As sustainability continues to gain momentum, business leaders need to address how this movement will influence the way they run their organizations. Doing so can lead to immediate savings in power and other costs, and boosts the market value of the property.

“It’s a change in culture versus something that’s just an on-and-off switch,” says Greg Martin, partner and National Real Estate & Hospitality Practice leader at Moss Adams.

Smart Business spoke with Martin about what’s happening in the field of sustainability and how an accountant or adviser can help.

What’s happening with sustainability today?

Sustainability and Leadership in Energy and Environmental Design (LEED)-certified buildings have been talked about for some time. Early sign of sustainability in practice started out simply with hotel properties putting out signs about reusing towels or unplugging phone chargers. Then, many moved on to using low-flow showerheads or locally sourcing food. That sentiment has crossed over into the expectations of commercial building tenants, many of whom got the idea, at least in part, from attending conferences in energy-efficient hotels.

From a real estate perspective, more and more tenants in a commercial office building want to see sustainable practices followed in their workplaces. Those companies that can show they are concentrated on green living can use that as a competitive advantage. Eventually, sustainability will be part of our everyday psyche, so you want to take advantage of these competitive strengths when you can.

How does going green translate to the bottom line and profits?

It’s expensive to put energy-efficient measures in place, such as those that limit water or power consumption. But in doing so, you can significantly reduce your operating costs from day one and possibly attract sources of capital — some investment groups will only invest in properties or companies that have sustainability policies and procedures in place.

A number of studies found increased operating incomes and higher market values and returns for sound sustainable properties versus non-sustainable properties. A green label such as LEED or Energy Star raised market rents and values of commercial space, including a 16 percent increased sale price, according to a 2010 University of California, Berkeley study of 10,000 U.S. office buildings. A Davis Langdon study estimated upfront costs for high-sustainability design can be $1.50 to $3 per square foot, but those outlays also can bring up to 14 percent reductions in energy costs. In addition, PNC Bank put together a study of their LEED-certified branches compared to non-LEED branches, and found LEED branches had more income, deposit accounts opened and consumer loans.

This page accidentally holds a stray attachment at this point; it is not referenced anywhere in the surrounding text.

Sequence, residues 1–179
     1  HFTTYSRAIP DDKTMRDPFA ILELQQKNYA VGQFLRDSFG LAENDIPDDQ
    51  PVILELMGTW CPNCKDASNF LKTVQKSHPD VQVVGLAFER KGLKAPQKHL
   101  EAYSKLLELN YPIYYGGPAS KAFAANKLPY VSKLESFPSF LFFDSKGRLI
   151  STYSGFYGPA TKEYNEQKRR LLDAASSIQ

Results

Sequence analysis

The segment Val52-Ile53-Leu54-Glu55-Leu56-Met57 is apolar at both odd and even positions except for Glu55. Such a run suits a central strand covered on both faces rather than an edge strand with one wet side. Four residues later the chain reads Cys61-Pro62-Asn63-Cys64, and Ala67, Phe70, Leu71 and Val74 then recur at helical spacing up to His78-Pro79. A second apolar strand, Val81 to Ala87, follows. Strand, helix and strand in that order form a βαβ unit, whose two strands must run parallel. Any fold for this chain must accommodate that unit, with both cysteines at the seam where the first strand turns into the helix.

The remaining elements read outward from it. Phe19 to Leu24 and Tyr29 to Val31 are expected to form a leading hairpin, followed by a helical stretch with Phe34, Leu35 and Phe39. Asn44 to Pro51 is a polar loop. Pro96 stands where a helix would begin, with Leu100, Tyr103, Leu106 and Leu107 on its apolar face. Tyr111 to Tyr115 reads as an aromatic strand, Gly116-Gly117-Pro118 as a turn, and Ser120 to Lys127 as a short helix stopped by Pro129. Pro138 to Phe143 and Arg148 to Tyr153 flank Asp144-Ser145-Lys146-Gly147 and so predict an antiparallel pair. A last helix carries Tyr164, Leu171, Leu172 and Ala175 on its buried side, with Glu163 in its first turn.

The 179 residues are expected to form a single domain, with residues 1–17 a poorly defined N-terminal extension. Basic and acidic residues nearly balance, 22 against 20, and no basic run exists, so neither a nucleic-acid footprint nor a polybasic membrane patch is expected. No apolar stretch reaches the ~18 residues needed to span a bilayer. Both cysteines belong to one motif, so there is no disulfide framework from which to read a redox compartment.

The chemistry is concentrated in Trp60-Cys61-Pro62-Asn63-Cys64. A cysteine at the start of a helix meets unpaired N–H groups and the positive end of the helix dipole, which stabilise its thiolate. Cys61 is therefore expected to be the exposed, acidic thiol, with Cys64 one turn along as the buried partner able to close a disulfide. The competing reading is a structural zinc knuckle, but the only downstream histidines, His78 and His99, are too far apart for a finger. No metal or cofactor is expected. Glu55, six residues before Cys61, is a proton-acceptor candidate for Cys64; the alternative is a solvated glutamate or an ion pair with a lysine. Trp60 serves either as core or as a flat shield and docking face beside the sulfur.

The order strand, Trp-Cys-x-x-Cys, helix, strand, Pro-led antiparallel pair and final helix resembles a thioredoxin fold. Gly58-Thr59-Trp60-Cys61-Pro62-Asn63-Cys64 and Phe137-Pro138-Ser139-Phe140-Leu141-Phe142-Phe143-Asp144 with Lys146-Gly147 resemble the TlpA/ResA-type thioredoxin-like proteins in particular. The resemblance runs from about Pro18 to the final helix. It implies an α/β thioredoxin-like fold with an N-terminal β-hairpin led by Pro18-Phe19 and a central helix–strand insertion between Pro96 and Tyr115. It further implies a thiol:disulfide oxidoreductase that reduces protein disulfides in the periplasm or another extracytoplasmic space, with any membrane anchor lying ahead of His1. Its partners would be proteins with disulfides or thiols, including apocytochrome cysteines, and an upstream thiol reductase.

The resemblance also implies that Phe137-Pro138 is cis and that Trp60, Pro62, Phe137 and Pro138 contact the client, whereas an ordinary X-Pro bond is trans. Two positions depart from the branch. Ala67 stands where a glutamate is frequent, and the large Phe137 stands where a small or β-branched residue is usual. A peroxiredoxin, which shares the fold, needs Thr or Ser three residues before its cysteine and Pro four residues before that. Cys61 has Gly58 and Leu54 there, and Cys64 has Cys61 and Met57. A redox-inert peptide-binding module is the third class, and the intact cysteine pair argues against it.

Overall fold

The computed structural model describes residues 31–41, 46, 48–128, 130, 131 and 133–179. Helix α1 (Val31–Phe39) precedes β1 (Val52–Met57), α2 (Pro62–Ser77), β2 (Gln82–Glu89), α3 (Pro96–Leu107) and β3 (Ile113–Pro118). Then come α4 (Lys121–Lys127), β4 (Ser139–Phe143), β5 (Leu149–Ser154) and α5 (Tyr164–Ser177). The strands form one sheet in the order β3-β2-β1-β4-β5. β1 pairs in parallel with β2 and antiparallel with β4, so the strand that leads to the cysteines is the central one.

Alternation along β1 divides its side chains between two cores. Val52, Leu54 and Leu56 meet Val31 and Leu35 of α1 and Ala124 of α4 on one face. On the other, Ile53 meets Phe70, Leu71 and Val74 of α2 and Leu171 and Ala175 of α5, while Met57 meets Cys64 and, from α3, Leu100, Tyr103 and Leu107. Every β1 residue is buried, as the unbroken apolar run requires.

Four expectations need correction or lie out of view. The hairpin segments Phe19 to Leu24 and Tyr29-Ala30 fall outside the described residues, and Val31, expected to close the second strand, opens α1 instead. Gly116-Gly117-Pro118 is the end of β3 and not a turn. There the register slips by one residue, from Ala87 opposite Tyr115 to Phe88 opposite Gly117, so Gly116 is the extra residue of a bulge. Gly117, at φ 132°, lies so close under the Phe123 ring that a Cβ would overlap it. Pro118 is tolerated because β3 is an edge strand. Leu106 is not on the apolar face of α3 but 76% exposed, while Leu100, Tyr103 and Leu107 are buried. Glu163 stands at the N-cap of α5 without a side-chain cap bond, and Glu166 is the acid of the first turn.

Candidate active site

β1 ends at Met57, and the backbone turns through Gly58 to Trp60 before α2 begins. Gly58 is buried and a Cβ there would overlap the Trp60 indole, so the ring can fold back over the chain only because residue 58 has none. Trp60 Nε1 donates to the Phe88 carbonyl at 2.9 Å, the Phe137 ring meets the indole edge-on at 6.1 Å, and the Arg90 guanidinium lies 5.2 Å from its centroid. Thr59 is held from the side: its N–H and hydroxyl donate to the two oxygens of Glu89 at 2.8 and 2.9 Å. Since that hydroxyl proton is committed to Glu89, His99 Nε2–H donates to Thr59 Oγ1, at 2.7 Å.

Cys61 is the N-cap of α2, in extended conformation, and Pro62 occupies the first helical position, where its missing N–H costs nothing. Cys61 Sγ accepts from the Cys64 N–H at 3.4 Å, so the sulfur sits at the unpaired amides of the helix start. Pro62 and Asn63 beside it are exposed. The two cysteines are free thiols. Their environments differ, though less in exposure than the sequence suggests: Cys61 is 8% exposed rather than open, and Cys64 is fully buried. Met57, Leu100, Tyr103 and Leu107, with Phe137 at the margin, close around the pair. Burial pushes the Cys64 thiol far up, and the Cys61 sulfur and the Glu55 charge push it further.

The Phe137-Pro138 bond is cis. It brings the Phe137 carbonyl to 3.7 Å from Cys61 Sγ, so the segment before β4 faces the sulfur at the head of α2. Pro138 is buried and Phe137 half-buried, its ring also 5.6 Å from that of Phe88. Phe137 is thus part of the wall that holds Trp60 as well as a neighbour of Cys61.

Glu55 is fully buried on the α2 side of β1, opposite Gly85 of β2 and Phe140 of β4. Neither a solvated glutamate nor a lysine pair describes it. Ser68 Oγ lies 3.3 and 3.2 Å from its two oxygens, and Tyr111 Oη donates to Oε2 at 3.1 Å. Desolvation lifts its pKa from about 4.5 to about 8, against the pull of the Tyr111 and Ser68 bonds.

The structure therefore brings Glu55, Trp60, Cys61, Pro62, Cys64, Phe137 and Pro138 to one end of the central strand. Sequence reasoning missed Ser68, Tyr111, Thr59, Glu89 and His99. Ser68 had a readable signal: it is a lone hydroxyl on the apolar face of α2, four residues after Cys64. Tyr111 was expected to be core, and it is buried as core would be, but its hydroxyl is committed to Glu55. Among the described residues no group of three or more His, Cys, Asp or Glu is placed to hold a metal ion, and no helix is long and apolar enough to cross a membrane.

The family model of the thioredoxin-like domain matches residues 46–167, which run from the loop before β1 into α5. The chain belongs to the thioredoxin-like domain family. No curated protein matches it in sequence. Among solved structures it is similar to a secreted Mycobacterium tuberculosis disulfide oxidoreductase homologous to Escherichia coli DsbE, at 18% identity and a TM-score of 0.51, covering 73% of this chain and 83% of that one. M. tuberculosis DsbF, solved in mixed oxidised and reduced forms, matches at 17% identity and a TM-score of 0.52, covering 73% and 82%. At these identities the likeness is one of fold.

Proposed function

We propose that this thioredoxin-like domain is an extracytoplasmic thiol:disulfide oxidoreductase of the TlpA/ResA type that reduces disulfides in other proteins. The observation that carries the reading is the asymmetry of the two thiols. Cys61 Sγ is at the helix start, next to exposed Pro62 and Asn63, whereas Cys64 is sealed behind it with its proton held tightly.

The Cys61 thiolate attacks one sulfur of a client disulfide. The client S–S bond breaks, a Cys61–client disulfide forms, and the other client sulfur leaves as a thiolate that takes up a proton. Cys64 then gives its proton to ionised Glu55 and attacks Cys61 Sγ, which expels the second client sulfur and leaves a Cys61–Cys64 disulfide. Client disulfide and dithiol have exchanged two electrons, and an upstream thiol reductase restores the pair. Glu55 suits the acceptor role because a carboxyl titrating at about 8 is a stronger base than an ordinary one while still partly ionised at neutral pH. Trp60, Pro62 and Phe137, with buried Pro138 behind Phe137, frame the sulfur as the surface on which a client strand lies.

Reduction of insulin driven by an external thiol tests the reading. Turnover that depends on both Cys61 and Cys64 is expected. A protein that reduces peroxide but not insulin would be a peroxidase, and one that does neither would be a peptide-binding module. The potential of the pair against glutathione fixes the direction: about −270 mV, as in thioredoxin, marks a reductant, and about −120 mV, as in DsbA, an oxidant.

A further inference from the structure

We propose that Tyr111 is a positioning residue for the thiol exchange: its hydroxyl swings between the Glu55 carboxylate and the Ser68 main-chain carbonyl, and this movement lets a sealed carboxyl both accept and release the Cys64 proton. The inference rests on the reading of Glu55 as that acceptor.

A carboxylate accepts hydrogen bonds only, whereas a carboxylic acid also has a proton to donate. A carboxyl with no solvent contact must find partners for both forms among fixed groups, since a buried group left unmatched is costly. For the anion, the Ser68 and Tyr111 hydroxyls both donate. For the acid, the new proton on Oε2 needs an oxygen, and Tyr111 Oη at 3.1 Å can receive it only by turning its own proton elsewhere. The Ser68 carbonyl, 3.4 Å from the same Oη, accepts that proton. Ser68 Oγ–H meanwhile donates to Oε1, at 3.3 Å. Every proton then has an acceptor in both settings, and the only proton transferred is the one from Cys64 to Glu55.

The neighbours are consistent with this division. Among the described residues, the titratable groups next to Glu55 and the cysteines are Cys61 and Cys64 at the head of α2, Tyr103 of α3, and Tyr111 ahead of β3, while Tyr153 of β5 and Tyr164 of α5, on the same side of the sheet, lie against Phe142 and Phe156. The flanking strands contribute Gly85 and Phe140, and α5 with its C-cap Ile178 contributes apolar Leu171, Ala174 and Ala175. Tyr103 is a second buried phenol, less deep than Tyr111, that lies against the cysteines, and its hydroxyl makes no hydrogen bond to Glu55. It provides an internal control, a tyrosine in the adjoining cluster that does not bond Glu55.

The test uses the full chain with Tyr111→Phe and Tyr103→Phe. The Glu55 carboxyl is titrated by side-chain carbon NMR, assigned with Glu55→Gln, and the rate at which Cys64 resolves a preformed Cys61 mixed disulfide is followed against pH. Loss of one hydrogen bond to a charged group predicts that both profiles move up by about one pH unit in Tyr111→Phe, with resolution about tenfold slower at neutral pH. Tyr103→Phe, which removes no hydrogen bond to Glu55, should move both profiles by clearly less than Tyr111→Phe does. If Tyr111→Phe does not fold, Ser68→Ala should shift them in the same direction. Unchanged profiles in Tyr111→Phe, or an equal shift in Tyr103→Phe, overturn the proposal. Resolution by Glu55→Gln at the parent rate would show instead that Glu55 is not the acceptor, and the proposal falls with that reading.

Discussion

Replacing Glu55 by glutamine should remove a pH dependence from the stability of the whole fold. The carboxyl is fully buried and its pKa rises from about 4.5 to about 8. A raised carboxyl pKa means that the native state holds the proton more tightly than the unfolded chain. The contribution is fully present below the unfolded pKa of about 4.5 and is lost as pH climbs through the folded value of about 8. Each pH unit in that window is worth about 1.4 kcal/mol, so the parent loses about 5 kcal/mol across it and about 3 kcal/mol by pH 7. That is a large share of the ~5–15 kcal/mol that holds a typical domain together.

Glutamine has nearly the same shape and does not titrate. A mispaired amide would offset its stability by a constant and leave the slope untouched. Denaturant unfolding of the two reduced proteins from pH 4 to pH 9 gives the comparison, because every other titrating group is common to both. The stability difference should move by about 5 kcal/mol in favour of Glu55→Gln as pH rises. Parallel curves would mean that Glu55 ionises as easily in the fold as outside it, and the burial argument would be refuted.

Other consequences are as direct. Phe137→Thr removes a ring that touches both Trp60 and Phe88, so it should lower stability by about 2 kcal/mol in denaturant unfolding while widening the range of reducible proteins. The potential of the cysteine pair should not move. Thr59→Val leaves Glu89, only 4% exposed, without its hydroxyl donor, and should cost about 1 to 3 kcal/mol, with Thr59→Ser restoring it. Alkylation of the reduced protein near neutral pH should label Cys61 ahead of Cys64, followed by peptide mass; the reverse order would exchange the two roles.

As more data becomes available on the returns, cash flow and market appreciation of sustainability, we’ll likely see more and more benefits from following these types of policies and practices.

How can an accountant or adviser help with sustainability reports and programs?

CPAs are getting involved in reporting on whether companies are meeting sustainability policies and procedures. Often, an independent and objective CPA will look at the data provided by the management of the company on what they have done in the area of sustainability, referring it back to the company’s policies and procedures. The CPA basically concludes whether they are in agreement or not with management’s assertions. It lends another level of credence and credibility by generating a report based on benchmarks.

Another value-added service that’s gaining momentum is our sustainability consulting group, which consults with companies on setting up green policies and procedures as well as a process to monitor how companies are doing against their goals.

Is this a newer aspect of sustainability — showing that you are accountable?

It’s catching on. Is there some set of rules that say, ‘Thou shalt,’ like the SEC says that public companies shall present audited financial statements? Not really — it’s a best practice. It shows how the company is serious enough that they are going to bring in a credible, objective, independent party to verify what they have represented to others.

Sustainability is not a fad. Ignoring it is not going to make it go away. And because it’s here to stay, it will only continue to gain importance.

Greg Martin is a partner, National Real Estate & Hospitality Practice leader at Moss Adams. Reach him at (415) 677-8277 or greg.martin@mossadams.com.

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